Introduction to Forest Conservation Case and its importance
The Indian Forest Act of 1927 does not define forests, though forest areas have been legally notified under it as reserve forest, protected forest or village forest. The watershed Forest Conservation Act of 1980 made central government approval mandatory before diverting forestland for non-forest use.
The debate over defining a forest came to the fore in 1996 with the Supreme Court ruling in the case of TN Godavarman Thirumulpad v. Union of India. (1997(2)SCC267) The case began as a petition to stop illegal felling of timber in the Nilgiri hills but expanded into an overhaul of the Indian forest policy. The Supreme Court said that forests would be defined by their “dictionary meaning”, without elaborating what this meaning was. It also assumed responsibility for implementing the Forest Conservation Act with this new definition.
The court ordered all non-forest activity like sawmills and mining to be suspended in forest areas and stopped felling of trees. It kept the Godavarman case open using the device of a “continuing mandamus” and heard hundreds of matters related to the implementation of the Forest Conservation Act. The ruling excluded the lower courts from admitting such application, leaving the Supreme Court the sole administrator of the law when it came to forest matters. This was until the creation of the National Green Tribunal in 2010 to “dispose of cases relating to environmental protection and conservation of forests and other natural resources”.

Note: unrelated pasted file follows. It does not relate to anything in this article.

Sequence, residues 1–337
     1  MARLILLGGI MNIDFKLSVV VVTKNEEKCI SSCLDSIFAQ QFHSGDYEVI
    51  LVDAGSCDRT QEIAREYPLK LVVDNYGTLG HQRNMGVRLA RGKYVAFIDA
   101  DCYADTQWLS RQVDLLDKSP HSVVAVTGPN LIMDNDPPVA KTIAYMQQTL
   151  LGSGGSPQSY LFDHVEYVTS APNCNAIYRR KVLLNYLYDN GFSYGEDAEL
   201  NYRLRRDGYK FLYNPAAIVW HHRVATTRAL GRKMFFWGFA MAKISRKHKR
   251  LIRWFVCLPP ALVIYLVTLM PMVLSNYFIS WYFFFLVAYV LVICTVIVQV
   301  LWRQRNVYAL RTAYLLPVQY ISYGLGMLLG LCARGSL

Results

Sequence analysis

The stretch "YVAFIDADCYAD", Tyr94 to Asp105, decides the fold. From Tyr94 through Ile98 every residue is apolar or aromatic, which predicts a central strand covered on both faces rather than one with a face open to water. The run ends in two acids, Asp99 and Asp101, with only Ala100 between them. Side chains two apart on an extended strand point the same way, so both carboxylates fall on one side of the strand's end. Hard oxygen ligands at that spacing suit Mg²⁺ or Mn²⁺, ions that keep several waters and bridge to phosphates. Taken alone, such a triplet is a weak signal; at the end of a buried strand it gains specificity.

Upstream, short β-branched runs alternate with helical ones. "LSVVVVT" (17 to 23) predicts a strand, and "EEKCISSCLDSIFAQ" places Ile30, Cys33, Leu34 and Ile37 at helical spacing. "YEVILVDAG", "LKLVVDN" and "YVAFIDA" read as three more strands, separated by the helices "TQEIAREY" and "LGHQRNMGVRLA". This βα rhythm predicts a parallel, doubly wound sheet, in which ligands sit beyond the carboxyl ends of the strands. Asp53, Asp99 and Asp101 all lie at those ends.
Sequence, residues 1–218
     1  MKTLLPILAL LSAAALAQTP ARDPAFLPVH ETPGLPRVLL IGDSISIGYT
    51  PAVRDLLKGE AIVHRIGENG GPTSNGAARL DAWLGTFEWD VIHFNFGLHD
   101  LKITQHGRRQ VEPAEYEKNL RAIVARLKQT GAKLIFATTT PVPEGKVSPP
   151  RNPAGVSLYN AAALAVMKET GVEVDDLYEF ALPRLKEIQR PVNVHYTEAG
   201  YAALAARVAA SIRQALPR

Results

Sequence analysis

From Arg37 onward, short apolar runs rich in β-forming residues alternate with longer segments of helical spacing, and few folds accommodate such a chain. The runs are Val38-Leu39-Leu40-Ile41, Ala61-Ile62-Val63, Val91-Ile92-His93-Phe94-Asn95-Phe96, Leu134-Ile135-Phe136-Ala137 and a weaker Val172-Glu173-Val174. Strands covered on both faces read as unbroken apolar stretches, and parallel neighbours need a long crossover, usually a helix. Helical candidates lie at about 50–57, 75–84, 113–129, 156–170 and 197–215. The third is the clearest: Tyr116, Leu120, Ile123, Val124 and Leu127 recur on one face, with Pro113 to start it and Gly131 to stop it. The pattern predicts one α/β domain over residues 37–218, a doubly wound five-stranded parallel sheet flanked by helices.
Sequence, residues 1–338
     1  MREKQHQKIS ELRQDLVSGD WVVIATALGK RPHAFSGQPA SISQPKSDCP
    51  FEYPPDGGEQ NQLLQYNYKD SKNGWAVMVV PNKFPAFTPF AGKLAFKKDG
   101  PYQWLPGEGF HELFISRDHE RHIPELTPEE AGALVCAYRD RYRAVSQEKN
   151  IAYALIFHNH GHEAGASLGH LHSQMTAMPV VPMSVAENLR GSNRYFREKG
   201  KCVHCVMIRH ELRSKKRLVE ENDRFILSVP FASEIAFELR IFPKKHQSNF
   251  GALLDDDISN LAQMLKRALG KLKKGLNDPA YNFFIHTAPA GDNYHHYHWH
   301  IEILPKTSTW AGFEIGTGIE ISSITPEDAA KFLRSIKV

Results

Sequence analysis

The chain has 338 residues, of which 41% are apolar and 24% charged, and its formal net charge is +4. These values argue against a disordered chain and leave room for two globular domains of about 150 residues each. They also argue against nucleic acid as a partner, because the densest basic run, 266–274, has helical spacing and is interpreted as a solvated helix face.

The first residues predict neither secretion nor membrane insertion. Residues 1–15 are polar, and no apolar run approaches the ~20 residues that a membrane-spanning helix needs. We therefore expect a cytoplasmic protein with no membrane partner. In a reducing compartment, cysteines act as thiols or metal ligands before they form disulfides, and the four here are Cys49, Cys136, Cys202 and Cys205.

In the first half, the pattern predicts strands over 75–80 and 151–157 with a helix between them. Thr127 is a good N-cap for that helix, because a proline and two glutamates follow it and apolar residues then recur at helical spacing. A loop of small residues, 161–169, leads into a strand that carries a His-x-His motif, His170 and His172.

While the apex court has been both commended for taking such dramatic action to stop indiscriminate destruction of forests and criticised for overstepping its boundaries, the Godavarman case has gone on to show how essential it is to define forests. In its 1996 ruling, the court had asked states to identify, demarcate and notify forest areas. Even 18 years later, many states have failed to do so. While hearing a case in 2014 of whether a hotmix plant should be allowed to operate in Manda Khal village in Uttarakhand, the National Green Tribunal noted the state government’s failure to chalk out its deemed forests.
- Explain the genesis and development of Supreme Courts role in forest governance.
- To study T.N. Godavarman series of cases and their impact on the forest protection
- Part IV of the Constitution of India
- Environment Protection Act, 1986
- Forest Act, 1927
- Forest (Conservation )Act, 1980
This paper is made through Descriptive Research Methodology. Help of various resources has been taken to make the project which is being mentioned below:
- Research paper
- Case laws
- Online articles